SCO Scores Low On Industry Good Will
Nov 20, 2003, 16:00 (8 Talkback[s])
(Other stories by Jacqueline Emigh)
Re-Imagining Linux Platforms to Meet the Needs of Cloud Service Providers
By Jacqueline Emigh
Linux Today Writer
With its recent pronouncements about suing Linux customers and
BSD, SCO's Darl McBride doesn't seem to be scoring very well in the
good will department, judging from the reactions of Las Vegas
McBride spelled out some of SCO's latest plans at least three
times yesterday: in a press teleconference; a speech at
Jupitermedia's Computer Digital Expo (CDE) in Las Vegas, and a
press briefing just afterward.
Attendees at Comdex and Apache.Con--two other shows going on in
Las Vegas this week--responded to the news with a mix of anger,
frustration, bemusement, and concern.
In one conference session at Comdex, a showgoer asked panelists
to comment on how the SCO dispute will affect desktop Linux. "Darl
McBride should be put in a cage with IBM, (so they can) fight it
out," replied one of the speakers.
"The situation is very unfortunate," according to David Kipping,
director of business development for Trolltech, who also spoke at
Comdex. SCO has gone through a number of changes over the years,
Kipping pointed out, in an interview at Comdex.
"Now SCO is selling insurance. They're saying, 'You have to buy
insurance from me, just to insure yourself from being sued by
Across town at Apache.Con, just about everyone's been interested
in SCO's latest actions. "We're keeping a close eye on this
situation, because we're very much an open shop. If SCO wins this,
even in (an out-of-court) settlement, it could have an impact on
what's meant by 'ownership of code,'" said Richard Smith, a
developer at SAIC.
Other Apache.Con attendees talked about staging a protest during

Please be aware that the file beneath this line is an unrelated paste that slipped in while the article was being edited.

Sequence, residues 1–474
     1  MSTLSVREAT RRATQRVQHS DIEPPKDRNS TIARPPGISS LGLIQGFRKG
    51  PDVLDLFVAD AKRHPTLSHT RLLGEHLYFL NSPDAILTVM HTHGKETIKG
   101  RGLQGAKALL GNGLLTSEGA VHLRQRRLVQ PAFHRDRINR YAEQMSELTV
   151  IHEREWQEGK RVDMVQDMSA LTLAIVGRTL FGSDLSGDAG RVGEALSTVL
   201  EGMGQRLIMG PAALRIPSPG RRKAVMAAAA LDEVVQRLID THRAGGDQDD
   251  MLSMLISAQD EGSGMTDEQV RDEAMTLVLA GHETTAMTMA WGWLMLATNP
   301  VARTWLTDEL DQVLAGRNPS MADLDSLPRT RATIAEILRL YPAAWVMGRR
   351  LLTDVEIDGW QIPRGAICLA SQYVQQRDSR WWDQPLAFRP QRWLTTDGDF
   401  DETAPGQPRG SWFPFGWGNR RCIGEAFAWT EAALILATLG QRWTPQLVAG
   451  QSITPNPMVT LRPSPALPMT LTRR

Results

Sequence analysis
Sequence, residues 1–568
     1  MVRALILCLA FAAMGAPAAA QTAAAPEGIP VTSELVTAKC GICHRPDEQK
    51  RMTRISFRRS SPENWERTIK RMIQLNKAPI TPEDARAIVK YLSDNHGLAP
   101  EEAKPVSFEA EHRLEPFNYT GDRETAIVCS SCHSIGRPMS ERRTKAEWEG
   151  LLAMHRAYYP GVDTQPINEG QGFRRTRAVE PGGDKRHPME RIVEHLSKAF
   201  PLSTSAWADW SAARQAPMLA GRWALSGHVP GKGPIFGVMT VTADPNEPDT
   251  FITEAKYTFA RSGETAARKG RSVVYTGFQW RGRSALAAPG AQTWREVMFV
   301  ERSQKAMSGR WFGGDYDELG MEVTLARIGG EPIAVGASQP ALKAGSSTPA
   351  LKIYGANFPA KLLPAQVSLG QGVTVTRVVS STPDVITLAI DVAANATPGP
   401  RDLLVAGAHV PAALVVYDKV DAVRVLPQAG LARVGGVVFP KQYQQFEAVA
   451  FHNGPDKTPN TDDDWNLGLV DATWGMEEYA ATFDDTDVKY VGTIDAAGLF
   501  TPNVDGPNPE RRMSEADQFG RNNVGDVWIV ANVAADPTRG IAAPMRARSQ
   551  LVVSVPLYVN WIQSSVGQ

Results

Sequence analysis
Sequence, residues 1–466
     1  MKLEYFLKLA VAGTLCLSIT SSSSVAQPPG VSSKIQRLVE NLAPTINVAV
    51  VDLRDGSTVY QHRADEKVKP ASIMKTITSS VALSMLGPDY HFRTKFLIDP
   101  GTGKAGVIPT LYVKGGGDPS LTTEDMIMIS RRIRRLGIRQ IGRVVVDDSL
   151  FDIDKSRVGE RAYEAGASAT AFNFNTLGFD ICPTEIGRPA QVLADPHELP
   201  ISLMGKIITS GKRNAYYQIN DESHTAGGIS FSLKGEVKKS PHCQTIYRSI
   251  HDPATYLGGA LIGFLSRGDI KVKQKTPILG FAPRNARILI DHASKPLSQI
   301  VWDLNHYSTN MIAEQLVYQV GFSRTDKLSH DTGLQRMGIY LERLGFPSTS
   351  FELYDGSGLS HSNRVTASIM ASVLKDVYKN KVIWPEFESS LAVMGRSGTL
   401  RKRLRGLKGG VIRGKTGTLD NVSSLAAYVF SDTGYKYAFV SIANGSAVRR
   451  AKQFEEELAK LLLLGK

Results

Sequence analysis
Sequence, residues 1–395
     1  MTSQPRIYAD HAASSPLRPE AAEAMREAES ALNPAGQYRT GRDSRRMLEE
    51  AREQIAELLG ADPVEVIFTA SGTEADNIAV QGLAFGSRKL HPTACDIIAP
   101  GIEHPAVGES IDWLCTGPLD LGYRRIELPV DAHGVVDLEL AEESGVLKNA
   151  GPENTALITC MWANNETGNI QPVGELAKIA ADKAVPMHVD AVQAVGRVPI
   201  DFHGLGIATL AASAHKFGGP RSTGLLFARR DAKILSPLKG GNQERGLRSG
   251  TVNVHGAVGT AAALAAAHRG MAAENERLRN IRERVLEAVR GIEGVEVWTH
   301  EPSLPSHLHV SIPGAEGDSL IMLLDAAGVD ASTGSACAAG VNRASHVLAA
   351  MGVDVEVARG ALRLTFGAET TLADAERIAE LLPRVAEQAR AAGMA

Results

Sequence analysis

McBride's presentation last night at the Mandalay Bay. "It's
probably better just not to go to McBride's speech, so there aren't
as many people there to hear him," theorized another Apache.Con
"This is the guy who's been 'going after Linux.' SCO wouldn't be
getting any more customers now anyway, even if they hadn't stopped
selling Linux," noted Chris Shiflett, an independent PHP developer,
also during Apache.Con.
Until now, SCO has been "technically only going after IBM,"
Shiflett maintained. SCO, though, has never been willing to specify
the "four things in Linux" that supposedly constitute copyright
"Meanwhile, from what I'm gathering, SCO hasn't updated UnixWare
since the end of the last century," the developer quipped.
Back over at Comdex, some people were so busy with whatever
brought them to Las Vegas that they hadn't heard yet about
McBride's latest pronouncements. "Don't ask me. I'm a Microsoft
guy. I don't know anything about Linux or SCO," shrugged one
Others responded with shocked amazement. "Oh, man! That's wild!
That's really not going to be very good fun!" predicted a software
salesman scurrying by.
Noted a technician from Nebraska, in measured tones, "In my
opinion, this is a lot like first saying, 'I'm going to put out a
product that'll do everything for everybody'--and then turning
around and saying later, 'Well now, by the way, it's not really
clear whether you can use this product any more."
Predictions varied over the outcome of the dispute. "Right now,
SCO isn't offering anything but threats," according to
"Well, good. Let SCO sue its customers! They won't win. In
Germany, SCO has already been fined by the courts for making
threats," observed a journalist from Slovinia, in reference to a
court suit between SCO Germany and LinuxTag.
"SCO has created both the problem and the solution to it," said
Trolltech's Kipping. "They'll probably continue pursuing all this
to the very end."